Digital technology is revolutionising the ways we can learn and teach. And whilst ed-tech often dominates discussions around the disruptive potential of digital to help us to learn in more immersive and integrated ways, the reality is digital products that combine first-rate design and content will naturally boost user-end literacy. At Spinning Fox we have created a number of e-learning platforms, but actually what discovered is that regardless of sector, teaching components are vital for all products.
We are always excited to partner with people looking to innovate either in an existing business space, disrupt an industry or embark on an entirely new idea — here are a few of the methods we utilise when introducing users to new products.
Learn by doing
All teachers will tell you the most engaging way to learn is by doing something yourself or discovering an answer through trial and error. This is an approach you see in many experimental play educational apps for children, such as Lingokids.
Cater your content
Simply digitising learning materials is merely the first step for e-learning platforms. How you present those materials to engage users and meet their needs is where the value can be taken to a whole new level.
Often people like to learn in bitesize chunks in a variety of ways. Consider those materials could be written word, audio or video formats. But also allow students to explore a curriculum in their own way. Similar to a content streaming service like Netflix or Spotify, you could let users search for the exact lesson they need, explore content based on a theme, or be allocated a slightly more focused plan through a “playlist”. Suddenly the platform becomes a learning environment uniquely catered to the student.
Use plain English
One thing that consistently sets startups apart from the industry heavyweights they are disrupting is their ability to speak to the user on their terms, in the language they actually use.
By cutting through jargon, dense information becomes accessible rather than something the user is confused by or ignores. Good, clear descriptive language also makes an interface easier to understand not only for those with good language skills, but also for those who might have learning disabilities, or for non-native speakers.
But whatever you do, don’t make it needlessly quirky!
Bake it into the journey
Teaching isn’t always a digital experience’s primary function, but users often need ancillary information to support how they go about using the product.
Airbnb has honed this skill pretty well. I remember in the early days, I’d book my place to stay and then have bags of questions for the host around check-in, directions etc. But the platform has since evolved and all that information is easily accessible at the right times, reducing any hassle or friction.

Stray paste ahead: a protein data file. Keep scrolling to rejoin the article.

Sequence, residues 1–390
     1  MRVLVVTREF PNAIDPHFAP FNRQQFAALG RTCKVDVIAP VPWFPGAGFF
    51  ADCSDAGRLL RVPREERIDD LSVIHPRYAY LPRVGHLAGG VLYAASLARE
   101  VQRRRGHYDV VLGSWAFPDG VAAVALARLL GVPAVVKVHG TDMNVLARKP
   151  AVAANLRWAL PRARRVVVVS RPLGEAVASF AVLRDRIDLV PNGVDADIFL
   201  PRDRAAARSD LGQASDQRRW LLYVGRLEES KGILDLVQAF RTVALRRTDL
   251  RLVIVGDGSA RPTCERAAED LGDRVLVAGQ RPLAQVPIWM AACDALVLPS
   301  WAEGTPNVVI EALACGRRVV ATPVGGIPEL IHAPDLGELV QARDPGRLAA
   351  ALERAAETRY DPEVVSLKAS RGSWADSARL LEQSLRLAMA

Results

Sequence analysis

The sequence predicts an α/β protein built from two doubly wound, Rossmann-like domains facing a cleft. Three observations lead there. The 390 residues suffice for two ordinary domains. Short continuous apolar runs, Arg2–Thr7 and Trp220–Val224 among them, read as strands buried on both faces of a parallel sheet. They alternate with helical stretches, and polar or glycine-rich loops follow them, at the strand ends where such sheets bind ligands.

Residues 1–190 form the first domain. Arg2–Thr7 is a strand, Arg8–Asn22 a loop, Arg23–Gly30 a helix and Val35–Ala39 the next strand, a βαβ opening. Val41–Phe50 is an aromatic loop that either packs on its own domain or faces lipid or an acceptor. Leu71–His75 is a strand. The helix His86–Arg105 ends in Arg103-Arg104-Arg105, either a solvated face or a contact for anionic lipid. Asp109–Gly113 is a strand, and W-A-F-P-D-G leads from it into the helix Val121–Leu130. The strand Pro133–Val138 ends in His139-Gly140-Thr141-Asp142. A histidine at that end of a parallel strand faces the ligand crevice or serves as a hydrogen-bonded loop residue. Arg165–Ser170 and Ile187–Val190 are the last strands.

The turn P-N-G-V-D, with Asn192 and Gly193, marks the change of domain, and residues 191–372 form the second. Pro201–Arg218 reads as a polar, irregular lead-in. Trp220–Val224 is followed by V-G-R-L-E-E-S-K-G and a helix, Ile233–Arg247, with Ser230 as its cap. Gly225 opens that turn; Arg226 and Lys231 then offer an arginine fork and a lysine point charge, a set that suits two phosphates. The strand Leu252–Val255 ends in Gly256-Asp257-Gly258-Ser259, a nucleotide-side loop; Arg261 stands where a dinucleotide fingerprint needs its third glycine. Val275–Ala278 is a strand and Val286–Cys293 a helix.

Baking easy-to-understand, instructional information into the product often goes beyond its actual mechanic, in this example booking a trip away, but is invaluable in encouraging engagement and empowering users.
Focus on the outcome
When it comes to the aesthetics of a digital learning environment, a lot of effort often goes into realistic environments and surrounding details. This doesn’t usually bring value to the lesson and can in fact be distracting. Designers should focus on the outcome — what should the user actually be learning, and often stripping the visuals back with a level of abstraction is the most effective solution. This can help to draw focus on the areas that are most important.
Take the vocabulary game on the Elevate Brain Training app for example.
They’ve gone for a space rocket theme with the aim of travelling as far as possible, each time you get an answer right, it refuels the rocket to gain more travel distance and combo scores give the rocket some extra boost. There’s a fair amount of detail in the illustrations but I’d say they have go the overall visuals just right, the colours, detail and UI components are paired back enough to allow the user to focus on the game interface which is very simple and intuitive.
With each project we find that relevant design and UX research really help to solve issues like this. There are some common UX patterns, but there’s no one size fits all solution so it’s essential to get early ideas in front of users to gain valuable insight and guide our design decisions for better user understanding.